The "Uniform Pattern" and Theological Measurement


When answering theological questions, one of the thorniest problems that we face is deciding what counts as evidence. To be sure, we affirm the absolute authority and sufficiency of the Scriptures and, in the case of questions about the church, the finality of the New Testament in all matters of faith and order. Simply believing in the Bible’s authority and sufficiency, however, does not tell us how the text ought to be brought to bear upon our questions.

One very common way of using the Bible is to look for examples of the kind of thing that we are asking about. These examples are then treated as permanently binding. Theological literature abounds with references to the examples or even the “uniform pattern” of Scripture.

The argument is a weak one. Scripture contains examples of all sorts of things, some good and some bad. The mere fact that someone did something is no indication that God wants that thing to be done by others at another time. Even when the example is viewed positively in the text, it may be an isolated instance. One would not appeal to Abraham’s treatment of Isaac in Genesis 22 as a universal pattern for relationships between fathers and sons.

An “is” never constitutes an “ought.” Sound theological method draws a sharp distinction between historical narrative and didactic requirement.

This distinction does not render the examples of Scripture irrelevant. When the Bible communicates a didactic principle, then we may legitimately observe the examples in the text to see how the principle looks in practice. By studying the examples we may also discover something about the rewards of obedience or the consequences of disobedience. By themselves, however, the examples of Scripture are not binding. Historical narrative always needs to be interpreted and applied by didactic discourse.

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Antidote: A Cure for a Common Problem of Evangelicalism and Fundamentalism


The first thing Aaron Blumer (publisher, SharperIron) said to me when we talked about our next conference was “I’m pretty skeptical of the idea of convergence.” Convergence—the idea that fundamentalism and conservative evangelicalism are heading toward, or should be working toward, convergence into one movement—has certainly been what some have perceived Standpoint Conference to be about. We would argue that’s an oversimplification of what we’re about. As our last Standpoint Conference concluded, we made a conscious choice to leave previous issues behind and move on to more critical issues.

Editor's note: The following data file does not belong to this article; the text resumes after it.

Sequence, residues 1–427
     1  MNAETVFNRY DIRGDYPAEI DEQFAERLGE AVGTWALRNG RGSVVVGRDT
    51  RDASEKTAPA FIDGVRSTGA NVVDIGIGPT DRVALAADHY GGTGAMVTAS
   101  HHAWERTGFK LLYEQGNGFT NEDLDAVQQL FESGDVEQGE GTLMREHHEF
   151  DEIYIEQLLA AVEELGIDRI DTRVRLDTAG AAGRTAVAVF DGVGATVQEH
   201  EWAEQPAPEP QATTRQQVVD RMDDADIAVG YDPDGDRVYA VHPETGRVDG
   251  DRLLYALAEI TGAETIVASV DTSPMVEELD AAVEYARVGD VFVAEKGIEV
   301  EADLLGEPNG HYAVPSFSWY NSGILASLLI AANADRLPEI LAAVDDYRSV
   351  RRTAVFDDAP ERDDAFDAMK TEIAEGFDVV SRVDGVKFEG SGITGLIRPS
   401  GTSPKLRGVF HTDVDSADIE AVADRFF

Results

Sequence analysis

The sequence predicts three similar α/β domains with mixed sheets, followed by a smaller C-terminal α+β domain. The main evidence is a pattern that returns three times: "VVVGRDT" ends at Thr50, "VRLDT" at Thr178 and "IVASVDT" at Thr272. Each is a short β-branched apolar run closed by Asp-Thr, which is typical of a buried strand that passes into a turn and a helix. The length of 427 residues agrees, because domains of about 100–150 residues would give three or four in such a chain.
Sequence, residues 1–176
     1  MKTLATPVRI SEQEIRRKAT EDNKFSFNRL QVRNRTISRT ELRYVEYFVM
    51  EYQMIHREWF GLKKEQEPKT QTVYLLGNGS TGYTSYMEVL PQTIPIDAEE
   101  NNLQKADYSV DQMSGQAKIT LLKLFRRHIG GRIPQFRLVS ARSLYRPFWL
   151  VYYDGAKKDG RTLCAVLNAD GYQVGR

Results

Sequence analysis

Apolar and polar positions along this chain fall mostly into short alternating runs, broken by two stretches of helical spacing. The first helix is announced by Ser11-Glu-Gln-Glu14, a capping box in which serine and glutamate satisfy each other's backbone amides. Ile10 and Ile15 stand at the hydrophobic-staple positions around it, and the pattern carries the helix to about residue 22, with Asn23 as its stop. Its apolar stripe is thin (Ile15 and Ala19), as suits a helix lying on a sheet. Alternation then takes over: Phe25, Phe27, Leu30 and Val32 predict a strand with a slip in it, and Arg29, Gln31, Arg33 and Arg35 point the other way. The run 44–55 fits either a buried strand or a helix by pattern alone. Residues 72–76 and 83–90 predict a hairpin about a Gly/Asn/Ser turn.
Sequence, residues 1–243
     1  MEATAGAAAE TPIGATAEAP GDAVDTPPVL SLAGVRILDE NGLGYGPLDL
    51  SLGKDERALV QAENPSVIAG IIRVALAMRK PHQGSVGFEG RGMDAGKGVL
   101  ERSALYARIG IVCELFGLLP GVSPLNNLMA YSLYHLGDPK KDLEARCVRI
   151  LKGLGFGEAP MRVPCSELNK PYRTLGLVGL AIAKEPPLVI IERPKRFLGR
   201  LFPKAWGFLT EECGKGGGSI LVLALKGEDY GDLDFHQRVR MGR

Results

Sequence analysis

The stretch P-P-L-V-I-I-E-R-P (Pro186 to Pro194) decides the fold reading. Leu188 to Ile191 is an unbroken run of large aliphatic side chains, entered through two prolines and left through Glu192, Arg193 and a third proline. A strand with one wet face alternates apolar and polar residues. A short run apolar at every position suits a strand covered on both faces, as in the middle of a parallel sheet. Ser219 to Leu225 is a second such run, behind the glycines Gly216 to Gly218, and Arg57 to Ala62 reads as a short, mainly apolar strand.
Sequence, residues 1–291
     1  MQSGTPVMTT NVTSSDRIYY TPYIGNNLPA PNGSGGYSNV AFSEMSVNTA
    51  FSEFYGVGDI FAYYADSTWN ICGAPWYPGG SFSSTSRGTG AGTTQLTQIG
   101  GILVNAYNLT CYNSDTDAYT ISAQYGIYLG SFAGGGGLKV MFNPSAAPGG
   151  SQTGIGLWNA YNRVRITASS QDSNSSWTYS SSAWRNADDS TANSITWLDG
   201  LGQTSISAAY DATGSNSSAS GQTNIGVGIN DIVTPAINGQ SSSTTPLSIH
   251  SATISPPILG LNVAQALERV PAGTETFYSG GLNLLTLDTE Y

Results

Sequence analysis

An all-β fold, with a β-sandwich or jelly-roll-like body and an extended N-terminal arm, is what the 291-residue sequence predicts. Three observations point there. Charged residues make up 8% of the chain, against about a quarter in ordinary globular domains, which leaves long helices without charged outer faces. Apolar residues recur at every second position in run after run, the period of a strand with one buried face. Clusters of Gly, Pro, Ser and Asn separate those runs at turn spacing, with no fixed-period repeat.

Specifically, we believe that fundamentalism and evangelicalism face similar crises. For different reasons, fundamentalism has lurking at its most conservative end some who are less concerned with doctrine than they should be. Evangelicalism has, in the mainstream, those who are also less concerned with doctrine than they should be. On the extreme right of fundamentalism, this expresses itself with a near-obsessive attention to stylistic details that distracts from doctrinal issues. On the left of evangelicalism, church growth, political activism and social influence provide similar distractions.

The alarming result is that both are disengaged from issues that have serious doctrinal consequences. Among those on the far right of fundamentalism, the disengagement results from a feeling that the larger problems of Christianity are irrelevant to them. (“All who are to the left of us are ‘liberals’ anyway.”) Among those on the left of evangelicalism, the disengagement results from a feeling that all must be well because their churches are growing numerically.

Meanwhile, battles are being waged over ideas that represent vast theological shifts. These shifts are happening not just in institutions of higher learning, but in the pews. Rob Bell preaches a form of universalism, and thousands don’t know how to respond—or feel the need to soft-pedal their rejection. N.T. Wright’s New Perspective on Paul is only dimly understood (if at all) by the vast majority of those reading this article. The gay theologians advance their theories and they are uniformly rejected—but few realize that they are using hermeneutical models that are only slightly more radical than the ones taught in our colleges and seminaries. Ground is given, or freedom granted, on the roles of women in leadership, hermeneutics, creation models, eschatological views, all without recognizing that all of the changes are attached to theological structures that mean something and that changes in one area are harbingers of other changes to come—or changes that have already been made in theological viewpoints.

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Archived: The Simplicity of Biblical Parenting

Christian parenting experts often seem unable to see the forest for the trees. Whether it’s “grace based,” “gospel centered,” “heart focused,” or some other phrase du jour, many seem to begin with a lofty concept about what the Bible ought to teach about parenting then go to Scripture and—surprise!—find it there.